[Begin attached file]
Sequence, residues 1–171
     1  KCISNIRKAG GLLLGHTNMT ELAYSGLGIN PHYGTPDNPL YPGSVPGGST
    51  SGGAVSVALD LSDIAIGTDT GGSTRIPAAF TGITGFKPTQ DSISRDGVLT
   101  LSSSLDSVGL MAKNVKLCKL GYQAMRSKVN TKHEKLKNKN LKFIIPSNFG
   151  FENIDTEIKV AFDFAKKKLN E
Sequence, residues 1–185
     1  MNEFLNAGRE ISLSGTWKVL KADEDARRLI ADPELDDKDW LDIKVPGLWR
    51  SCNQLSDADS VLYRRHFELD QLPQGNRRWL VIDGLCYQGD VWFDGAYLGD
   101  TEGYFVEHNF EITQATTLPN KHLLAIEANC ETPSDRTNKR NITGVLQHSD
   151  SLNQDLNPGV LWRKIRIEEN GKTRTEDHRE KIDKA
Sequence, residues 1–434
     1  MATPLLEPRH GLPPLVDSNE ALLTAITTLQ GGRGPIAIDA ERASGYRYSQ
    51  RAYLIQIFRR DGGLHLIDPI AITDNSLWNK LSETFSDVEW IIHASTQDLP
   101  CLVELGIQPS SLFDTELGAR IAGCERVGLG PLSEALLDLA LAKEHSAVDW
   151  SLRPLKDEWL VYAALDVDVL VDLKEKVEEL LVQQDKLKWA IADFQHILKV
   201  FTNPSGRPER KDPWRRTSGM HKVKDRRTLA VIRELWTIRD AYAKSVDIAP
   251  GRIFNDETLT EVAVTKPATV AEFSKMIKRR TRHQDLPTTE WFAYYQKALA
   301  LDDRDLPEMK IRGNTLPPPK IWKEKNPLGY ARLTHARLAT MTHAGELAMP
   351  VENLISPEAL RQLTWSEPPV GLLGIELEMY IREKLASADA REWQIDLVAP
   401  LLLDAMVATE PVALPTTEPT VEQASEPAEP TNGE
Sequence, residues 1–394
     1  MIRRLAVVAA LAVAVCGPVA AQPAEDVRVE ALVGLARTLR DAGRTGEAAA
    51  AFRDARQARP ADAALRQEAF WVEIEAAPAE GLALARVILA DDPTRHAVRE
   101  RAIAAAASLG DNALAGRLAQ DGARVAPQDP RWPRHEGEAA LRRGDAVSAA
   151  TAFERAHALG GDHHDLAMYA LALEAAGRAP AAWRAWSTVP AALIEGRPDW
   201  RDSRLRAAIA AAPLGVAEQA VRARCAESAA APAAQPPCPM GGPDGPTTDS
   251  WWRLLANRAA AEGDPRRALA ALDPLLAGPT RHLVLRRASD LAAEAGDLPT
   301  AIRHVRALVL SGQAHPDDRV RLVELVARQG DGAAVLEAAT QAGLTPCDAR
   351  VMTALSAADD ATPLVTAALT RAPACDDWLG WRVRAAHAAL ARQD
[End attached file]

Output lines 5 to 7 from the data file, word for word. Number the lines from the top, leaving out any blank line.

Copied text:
   151  FENIDTEIKV AFDFAKKKLN E
Sequence, residues 1–185
     1  MNEFLNAGRE ISLSGTWKVL KADEDARRLI ADPELDDKDW LDIKVPGLWR